• Instructed fear;
  • Anticipatory anxiety;
  • Extinction learning;
  • Startle reflex;
  • Skin conductance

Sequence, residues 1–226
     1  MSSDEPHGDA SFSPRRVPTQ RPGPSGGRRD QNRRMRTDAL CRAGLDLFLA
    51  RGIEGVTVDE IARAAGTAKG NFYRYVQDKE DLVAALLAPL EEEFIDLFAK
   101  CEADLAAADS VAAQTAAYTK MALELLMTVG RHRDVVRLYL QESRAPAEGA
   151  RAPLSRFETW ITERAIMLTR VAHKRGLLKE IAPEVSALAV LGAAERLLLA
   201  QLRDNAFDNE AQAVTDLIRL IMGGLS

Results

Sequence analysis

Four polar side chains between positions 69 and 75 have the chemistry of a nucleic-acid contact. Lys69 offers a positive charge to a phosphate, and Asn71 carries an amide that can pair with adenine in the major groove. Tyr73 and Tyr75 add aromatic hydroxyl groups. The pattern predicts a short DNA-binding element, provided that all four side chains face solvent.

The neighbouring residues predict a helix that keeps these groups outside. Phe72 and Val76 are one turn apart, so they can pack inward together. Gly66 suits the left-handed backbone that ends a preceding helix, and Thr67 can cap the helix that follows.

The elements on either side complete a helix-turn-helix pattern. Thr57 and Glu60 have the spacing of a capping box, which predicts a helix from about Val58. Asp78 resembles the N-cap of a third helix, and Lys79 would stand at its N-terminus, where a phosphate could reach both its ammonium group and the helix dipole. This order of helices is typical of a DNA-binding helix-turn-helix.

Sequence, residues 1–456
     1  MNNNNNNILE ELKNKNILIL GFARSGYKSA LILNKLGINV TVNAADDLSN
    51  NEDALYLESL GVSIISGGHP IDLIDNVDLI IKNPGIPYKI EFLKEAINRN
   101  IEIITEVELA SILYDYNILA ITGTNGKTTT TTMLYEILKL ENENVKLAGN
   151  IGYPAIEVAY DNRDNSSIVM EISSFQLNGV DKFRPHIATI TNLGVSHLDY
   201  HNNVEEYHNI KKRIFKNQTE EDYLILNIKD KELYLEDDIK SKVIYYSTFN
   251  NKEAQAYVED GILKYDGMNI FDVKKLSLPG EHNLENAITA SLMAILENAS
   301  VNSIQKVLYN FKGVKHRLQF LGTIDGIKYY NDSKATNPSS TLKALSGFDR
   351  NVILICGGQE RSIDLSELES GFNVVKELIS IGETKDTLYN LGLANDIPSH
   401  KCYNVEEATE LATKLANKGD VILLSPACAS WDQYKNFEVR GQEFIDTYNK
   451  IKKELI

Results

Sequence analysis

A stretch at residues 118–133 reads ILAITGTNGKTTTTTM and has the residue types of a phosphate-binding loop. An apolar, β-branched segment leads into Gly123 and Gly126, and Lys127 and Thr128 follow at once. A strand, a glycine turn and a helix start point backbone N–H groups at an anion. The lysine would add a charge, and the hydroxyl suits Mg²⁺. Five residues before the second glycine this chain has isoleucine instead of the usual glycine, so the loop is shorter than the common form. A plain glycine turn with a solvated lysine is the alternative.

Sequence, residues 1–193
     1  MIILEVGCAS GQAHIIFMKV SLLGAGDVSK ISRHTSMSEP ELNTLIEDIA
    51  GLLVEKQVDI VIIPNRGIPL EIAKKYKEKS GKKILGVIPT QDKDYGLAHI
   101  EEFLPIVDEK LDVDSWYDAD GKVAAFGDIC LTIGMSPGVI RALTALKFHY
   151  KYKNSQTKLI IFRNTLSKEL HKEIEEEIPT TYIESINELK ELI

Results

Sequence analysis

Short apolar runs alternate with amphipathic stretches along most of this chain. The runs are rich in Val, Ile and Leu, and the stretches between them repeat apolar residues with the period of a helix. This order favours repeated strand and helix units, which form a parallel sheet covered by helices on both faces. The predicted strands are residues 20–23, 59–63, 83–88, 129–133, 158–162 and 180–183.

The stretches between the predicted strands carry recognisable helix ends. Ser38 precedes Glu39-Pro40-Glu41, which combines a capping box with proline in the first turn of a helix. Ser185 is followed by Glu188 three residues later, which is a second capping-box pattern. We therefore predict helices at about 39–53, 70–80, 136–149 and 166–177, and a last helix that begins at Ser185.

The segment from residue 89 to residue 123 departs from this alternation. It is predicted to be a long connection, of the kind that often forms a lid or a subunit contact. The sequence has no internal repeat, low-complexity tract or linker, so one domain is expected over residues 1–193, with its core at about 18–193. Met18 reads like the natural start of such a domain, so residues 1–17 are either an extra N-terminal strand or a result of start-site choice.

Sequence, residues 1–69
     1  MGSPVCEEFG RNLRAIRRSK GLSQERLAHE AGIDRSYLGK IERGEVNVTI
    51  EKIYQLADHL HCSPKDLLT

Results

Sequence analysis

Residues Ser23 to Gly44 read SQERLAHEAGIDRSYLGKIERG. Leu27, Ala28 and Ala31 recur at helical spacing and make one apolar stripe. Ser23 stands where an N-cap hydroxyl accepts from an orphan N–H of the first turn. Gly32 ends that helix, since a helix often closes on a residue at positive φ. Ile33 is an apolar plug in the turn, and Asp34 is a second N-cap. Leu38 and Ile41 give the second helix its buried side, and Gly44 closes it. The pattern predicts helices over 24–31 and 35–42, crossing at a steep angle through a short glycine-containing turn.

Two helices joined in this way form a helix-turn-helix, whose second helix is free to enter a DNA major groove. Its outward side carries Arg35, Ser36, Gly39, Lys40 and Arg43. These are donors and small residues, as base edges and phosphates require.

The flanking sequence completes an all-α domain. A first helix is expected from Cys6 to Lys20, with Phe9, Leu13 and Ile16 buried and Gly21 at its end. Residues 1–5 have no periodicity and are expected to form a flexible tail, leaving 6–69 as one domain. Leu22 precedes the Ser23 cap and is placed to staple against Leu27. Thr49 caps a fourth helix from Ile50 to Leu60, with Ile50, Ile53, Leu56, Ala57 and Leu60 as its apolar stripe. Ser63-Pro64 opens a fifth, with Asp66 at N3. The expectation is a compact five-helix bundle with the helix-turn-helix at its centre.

Learning to anticipate threat is crucial in guiding protective behavior. In classical conditioning, single trial learning can result in long-lasting fear associations. To examine whether threat learned through social communication is equally stable, an instructed fear paradigm was used with two repeated sessions on 1 day (Study 1; N = 43) and with separate sessions on 3 consecutive days (Study 2; N = 30). Startle EMG, skin conductance level (SCL), and self-report data were recorded during alternating periods of instructed threat and safety. Within 1 day, threat-potentiated startle was present across sessions but threat-enhanced SCL decreased (Study 1). Across days, threat effects subsided with different timing for startle EMG, SCL, and self-report (Study 2). The present findings are a laboratory analog for the persistence of socially transmitted fear, which can be amazingly resistant to extinction (e.g., in specific phobias) even in the absence of aversive experiences.